FIG. 3 shows schematically shows a suitable dose-modulated irradiating system employing electromagnetic deflection beam wobbling.

With reference to FIG. 1, a computed tomography imaging scanner 10 includes a subject support 12 for moving a subject such as a medical patient, an item of luggage undergoing a security scan, or the like into or within an examination region 14 defined by a rotating gantry 16. An x-ray tube 20 arranged on the gantry 16 transmits a fan-shaped, wedge-shaped, conically-shaped, or otherwise-shaped x-ray beam into the examination region 14. A two-dimensional x-ray detector 22 disposed on the gantry 16 across the examination region 14 from the x-ray tube 20 measures a spatially-varying intensity of the x-ray beam after the x-ray beam passes through the examination region 14. Typically, the x-ray detector 22 is mounted on the rotating gantry 16. In another suitable arrangement, the detector is arranged circumferentially on a stationary gantry surrounding the rotating gantry. Gantry rotation is controlled by a gantry rotation controller 24.

In helical computed tomography imaging, the gantry 16 rotates simultaneously with a linear motion of the subject support 12 to effect a helical trajectory of the x-ray tube 20 about the examination region 14. In axial computed tomography imaging, the gantry 16 rotates while the subject support 12 remains stationary to effect a circular trajectory of the x-ray tube 20 about the examination region 14. In volumetric axial imaging, the subject support 12 is repeatedly stepped linearly with an axial scan performed for each step to acquire multiple image slices along the axial direction.

Acquired imaging projection data with an index of the apex of the fan or cone and of the trajectory within the fan or cone is transmitted off the gantry 16 and stored in a digital data memory 30. A reconstruction processor 32 reconstructs the acquired projection data, using filtered backprojection or another reconstruction method, to generate a three-dimensional image representation of the subject or of a selected portion thereof, which is stored in an image memory 34. The image representation is rendered or otherwise manipulated by a video processor 36 to produce a human-viewable image that is displayed on a graphical user interface 38 or another display device, printing device, or the like for viewing by an operator. Preferably, the graphical user interface 38 is programmed to interface a radiologist with the computed tomography scanner 10 to allow the radiologist to execute and control computed tomographic imaging sessions.

During imaging, it is advantageous to modulate a x-ray radiation dosage received by the subject. For non-cylindrical objects, it is advantageous to have a higher x-ray beam intensity along the major axis and a lesser intensity along the minor axis. For example, in rapid airport security scanning of luggage the x-ray beam intensity is preferably adjusted depending upon the x-ray absorption characteristics of the scanned luggage. In medical imaging applications, the intensity is preferably adjusted to maintain a constant radiation dose for each axial slice or each helical rotation as an imaging scan passes through regions of the body having differing x-ray absorption densities. Present computed tomography scanners provide rotation rates of about 120-150 rpm, and rotation rates of 180-240 rpm and higher are contemplated in the foreseeable future.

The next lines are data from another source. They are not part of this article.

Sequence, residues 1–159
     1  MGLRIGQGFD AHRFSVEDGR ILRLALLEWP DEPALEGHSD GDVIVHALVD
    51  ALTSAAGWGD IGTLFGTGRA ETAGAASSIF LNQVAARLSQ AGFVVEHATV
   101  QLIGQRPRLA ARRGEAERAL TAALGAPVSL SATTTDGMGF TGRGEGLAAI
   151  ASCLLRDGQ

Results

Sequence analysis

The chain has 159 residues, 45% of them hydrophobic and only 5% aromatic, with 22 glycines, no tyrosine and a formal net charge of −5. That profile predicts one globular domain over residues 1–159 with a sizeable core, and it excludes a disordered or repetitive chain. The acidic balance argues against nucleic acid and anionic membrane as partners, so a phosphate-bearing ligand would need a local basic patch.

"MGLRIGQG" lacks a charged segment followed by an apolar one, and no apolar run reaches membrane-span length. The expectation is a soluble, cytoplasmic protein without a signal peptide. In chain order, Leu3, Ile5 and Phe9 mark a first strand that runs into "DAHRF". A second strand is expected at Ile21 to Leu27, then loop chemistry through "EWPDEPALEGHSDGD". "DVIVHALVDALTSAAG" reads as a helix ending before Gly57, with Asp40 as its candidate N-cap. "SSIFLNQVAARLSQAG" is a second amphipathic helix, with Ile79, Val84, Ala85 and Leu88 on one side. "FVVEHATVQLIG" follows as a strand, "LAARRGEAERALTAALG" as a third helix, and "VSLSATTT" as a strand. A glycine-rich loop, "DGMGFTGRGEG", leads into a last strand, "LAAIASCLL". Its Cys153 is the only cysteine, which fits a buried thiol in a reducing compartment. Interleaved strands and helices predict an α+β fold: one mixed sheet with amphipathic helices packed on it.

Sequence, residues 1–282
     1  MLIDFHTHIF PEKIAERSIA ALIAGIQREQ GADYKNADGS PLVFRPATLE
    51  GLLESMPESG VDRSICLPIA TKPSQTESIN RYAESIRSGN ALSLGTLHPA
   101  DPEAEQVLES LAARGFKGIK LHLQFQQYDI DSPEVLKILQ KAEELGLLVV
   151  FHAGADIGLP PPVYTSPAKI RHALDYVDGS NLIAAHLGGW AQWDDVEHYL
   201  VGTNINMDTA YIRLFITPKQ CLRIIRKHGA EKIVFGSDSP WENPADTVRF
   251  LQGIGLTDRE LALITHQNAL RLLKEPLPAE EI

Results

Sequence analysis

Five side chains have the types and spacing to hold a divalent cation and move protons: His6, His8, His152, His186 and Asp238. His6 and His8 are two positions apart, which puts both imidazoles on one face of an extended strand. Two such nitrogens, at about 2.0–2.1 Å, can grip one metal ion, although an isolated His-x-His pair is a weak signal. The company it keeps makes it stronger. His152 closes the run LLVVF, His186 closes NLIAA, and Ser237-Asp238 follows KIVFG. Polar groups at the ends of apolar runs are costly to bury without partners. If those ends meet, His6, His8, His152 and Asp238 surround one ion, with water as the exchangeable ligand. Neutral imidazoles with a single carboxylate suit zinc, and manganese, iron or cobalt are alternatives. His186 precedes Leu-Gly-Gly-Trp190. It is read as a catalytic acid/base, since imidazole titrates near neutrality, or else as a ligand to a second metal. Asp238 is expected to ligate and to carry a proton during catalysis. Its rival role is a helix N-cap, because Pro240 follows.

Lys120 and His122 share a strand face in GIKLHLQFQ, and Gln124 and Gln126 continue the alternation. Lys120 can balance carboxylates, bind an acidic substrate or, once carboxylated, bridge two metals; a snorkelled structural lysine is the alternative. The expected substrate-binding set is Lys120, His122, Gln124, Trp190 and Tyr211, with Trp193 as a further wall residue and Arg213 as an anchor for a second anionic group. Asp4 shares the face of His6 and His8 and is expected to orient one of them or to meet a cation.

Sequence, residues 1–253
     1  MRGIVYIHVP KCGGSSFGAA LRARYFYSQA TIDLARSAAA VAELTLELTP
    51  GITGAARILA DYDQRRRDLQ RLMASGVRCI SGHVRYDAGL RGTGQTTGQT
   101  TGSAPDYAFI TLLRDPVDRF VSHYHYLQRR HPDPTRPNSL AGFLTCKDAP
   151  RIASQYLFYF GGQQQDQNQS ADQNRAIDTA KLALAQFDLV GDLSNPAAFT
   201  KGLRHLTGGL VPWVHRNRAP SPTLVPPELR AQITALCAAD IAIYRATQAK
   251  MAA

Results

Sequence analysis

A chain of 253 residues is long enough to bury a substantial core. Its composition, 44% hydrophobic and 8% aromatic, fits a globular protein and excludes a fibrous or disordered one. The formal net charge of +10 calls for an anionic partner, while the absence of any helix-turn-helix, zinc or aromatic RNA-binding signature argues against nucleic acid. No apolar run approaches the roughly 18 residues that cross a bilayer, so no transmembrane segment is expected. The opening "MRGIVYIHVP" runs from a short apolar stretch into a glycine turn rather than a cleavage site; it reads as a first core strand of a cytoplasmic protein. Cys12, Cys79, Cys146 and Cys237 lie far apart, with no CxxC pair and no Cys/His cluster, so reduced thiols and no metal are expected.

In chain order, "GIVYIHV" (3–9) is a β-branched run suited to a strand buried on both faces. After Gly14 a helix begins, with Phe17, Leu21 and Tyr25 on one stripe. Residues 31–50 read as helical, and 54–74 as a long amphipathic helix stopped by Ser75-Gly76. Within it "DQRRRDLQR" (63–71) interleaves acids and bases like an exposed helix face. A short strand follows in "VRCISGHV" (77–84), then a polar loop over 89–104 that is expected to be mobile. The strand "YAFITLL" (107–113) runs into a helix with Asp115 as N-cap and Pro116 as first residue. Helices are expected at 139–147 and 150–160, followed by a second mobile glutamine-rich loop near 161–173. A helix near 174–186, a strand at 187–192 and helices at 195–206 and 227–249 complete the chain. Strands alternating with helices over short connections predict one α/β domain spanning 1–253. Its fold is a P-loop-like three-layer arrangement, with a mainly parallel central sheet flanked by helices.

A 120 rpm rotation rate corresponds to an acquisition time of 0.25 seconds for a 180 angular span of data, while a 180 rpm rotation rate corresponds to an acquisition time of 0.167 seconds for 180 of data. Hence, the dose modulation should have a frequency response of about 4 Hz or higher for a 120 rpm gantry rotation rate, and should have a frequency response of about 6 Hz or higher for a 180 rpm gantry rotation rate, to provide dose modulation that tracks the gantry rotation. Higher rotation speeds produce proportionately higher anode milliampere modulation rates. For medical imaging applications, a dose modulation dynamic range of at least about 8:1 to 10:1 is desired. That is, a ratio of a maximum x-ray beam intensity to a minimum x-ray beam intensity during the modulation at all rotation speeds should preferably be at least about 8:1 to 10:1.

To effect dose modulation conforming to these specifications, a dose delivery rate processor 50 integrates the x-ray absorption data over an area of the x-ray detector 22 and inputs a continuously updated dose delivery rate to a dose modulation controller 52. The gantry rotation controller 24 also inputs gantry angular position to the dose modulation controller 52 for optional synchronization of the dose modulation with angular position of the x-ray source 20.

With continuing reference to FIG. 1, the dose modulation controller 52 outputs two synchronized, cooperating dose modulation control signals: a filament modulation signal 60 directed toward an x-ray tube filament power supply 62, and a grid modulation signal 64 directed toward a grid power supply 66. The grid power supply 66 additionally receives a beam wobble input signal 70 which alternates or wobbles a focal spot of the x-ray tube 20 to counteract under-sampling and aliasing in the radial direction. The x-ray tube 20 is driven and controlled by outputs of the filament power supply 62, the grid power supply 66, and a tube power supply 72 which sets the potential between the cathode and the anode.